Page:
In motor protector devices, it is customary to use a dish-shaped composite thermostatic element to provide the actuation means for the device. The devices are typically embedded in the windings of a motor to provide inherent protection which senses not only overcurrent conditions but also overtemperature conditions. Both the amount of current flowing through the thermostatic element which provides self-heating and the ambient temperature determine if a fault condition occurs and consequently can cause the element to snap to an inverted dish-shaped configuration moving the contacts of the device apart breaking the circuit.

The temperature at which a composite snap-acting element actuates is determined by the material selection of the composite and the configuration of the dish-shaped deformation. The composite material will have a selected electrical resistivity which determines the heat generated in the element due to the electrical current passing through it and also a selected flexivity which is responsive to heat build up in the disc. This composite material with known properties is then deformed to a dish-shaped configuration, the extent of the dishing determining the temperature at which the disc will snap.

With new motor designs and better insulating materials used in them, higher motor operating temperatures are now achievable which require that motor protector devices also be designed to trip at higher temperatures than previously desired. However, it has been found that motor protectors provided for protecting motors at such higher operating temperatures have been less reliable than would be desired. It is also found that very high rejection rates are encountered in manufacturing motor protectors for such motors.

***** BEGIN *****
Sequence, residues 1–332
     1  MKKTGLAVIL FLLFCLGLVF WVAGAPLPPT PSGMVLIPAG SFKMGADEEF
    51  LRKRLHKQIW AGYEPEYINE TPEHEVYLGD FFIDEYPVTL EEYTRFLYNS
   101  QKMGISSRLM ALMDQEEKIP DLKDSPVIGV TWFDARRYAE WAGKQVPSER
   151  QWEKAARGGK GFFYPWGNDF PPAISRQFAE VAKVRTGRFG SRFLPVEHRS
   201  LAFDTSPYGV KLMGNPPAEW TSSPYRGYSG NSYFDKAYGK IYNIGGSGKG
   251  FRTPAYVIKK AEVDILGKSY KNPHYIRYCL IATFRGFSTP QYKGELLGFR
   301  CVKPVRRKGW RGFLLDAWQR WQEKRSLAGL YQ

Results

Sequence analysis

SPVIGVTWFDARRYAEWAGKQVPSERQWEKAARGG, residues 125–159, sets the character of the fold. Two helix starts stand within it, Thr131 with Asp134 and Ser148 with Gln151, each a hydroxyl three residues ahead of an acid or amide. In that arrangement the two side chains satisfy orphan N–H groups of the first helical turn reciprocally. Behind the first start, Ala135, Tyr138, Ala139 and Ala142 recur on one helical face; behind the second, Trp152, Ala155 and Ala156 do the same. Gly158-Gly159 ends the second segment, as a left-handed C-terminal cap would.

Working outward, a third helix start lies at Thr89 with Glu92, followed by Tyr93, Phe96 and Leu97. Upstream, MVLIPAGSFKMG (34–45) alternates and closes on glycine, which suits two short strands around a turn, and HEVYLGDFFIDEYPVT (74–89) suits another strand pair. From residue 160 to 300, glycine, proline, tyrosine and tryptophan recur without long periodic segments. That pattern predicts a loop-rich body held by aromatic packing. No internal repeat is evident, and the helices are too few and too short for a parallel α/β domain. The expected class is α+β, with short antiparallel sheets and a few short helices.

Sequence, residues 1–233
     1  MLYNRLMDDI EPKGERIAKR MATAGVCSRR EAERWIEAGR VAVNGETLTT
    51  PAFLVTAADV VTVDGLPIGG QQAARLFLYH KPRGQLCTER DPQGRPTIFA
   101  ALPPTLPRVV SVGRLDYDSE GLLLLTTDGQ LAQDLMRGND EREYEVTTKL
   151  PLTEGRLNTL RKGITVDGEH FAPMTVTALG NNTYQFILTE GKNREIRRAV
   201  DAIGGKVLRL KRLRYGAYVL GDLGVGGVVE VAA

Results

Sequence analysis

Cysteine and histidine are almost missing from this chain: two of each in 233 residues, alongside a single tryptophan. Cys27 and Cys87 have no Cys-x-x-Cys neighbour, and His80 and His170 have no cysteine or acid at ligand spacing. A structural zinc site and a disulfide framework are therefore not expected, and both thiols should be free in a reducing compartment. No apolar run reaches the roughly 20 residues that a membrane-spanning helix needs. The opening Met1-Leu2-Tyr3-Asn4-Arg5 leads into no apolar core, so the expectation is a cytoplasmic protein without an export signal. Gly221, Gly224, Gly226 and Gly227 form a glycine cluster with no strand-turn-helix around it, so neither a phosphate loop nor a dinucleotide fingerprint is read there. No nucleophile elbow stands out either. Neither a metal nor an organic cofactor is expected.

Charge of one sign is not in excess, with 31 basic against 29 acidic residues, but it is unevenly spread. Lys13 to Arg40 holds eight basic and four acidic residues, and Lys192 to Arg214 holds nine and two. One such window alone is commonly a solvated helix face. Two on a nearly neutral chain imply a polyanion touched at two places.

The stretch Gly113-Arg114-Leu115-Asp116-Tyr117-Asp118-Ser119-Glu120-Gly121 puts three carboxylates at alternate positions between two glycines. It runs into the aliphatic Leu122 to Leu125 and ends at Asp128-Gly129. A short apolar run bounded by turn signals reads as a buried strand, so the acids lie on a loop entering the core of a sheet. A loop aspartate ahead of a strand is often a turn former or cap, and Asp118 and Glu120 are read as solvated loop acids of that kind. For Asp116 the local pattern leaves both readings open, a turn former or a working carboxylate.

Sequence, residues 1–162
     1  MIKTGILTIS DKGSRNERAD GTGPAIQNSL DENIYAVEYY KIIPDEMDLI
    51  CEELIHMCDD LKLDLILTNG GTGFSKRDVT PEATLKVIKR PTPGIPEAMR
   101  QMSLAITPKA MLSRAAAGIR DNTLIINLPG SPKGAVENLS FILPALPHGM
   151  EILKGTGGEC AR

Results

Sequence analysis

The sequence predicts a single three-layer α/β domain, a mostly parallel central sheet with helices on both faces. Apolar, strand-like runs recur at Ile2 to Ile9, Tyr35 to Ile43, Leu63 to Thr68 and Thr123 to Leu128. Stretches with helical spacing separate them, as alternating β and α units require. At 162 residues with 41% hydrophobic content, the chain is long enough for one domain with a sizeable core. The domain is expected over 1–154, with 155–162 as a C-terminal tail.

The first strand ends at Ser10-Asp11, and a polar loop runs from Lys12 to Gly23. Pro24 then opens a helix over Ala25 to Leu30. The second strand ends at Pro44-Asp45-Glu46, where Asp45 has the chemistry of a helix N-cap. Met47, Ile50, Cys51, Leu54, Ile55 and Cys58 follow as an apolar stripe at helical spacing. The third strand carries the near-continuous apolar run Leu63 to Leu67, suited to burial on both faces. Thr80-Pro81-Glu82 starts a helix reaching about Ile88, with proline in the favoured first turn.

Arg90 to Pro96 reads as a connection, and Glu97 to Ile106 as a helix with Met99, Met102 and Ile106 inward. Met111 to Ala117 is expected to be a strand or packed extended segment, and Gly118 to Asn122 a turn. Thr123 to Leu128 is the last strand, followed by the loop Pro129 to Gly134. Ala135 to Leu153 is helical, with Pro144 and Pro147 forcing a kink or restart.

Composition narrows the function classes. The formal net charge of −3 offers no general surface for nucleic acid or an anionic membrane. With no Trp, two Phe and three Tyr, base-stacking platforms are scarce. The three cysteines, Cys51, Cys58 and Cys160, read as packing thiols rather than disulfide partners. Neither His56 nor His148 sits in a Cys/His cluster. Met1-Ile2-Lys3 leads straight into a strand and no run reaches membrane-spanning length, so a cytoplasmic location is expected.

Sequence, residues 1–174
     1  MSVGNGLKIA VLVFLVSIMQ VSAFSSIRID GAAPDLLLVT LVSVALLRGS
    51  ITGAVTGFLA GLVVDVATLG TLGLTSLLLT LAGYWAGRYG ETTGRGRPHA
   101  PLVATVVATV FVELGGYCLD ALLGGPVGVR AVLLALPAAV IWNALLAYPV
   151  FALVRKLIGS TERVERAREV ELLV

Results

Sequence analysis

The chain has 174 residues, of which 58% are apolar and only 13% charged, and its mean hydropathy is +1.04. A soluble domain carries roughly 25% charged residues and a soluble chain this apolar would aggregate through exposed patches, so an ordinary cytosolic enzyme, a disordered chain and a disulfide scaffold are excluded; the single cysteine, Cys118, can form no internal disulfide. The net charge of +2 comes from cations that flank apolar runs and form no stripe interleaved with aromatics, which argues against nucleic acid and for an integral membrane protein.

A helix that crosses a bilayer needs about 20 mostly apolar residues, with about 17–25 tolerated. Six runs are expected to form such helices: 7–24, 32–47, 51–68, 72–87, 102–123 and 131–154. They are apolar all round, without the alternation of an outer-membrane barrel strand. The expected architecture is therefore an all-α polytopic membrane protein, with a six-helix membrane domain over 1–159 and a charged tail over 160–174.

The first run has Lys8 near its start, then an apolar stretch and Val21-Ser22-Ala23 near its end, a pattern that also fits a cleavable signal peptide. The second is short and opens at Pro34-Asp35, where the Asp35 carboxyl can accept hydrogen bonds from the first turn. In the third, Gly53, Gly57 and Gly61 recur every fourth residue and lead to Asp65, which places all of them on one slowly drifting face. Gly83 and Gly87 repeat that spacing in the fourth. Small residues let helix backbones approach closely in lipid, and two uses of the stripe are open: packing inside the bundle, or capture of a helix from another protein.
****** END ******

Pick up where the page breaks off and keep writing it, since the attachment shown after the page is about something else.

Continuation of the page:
It has now been found that when snap-acting thermostatic elements are made for such higher temperature motors using conventional thermostat materials, the extent of deformation required to provide a desired high actuating temperature can be excessive and can exceed the failure limit of the material. In some cases where failure limit of the material is exceeded during deformation of the thermostat element, motor protectors incorporating the elements fail to operate at the desired temperature and have to be rejected. In other cases, where the deformation of the element material is less severe but still cause excessive permanent deformation of the material the snap-acting elements initially function at the proper operating temperature, however, these devices can quickly fail due to fatigue problems and lose their calibration. Also at high temperatures, calibration problems in the devices can occur because of the nonlinearity of the thermal response curve for conventional thermostat materials at higher temperatures.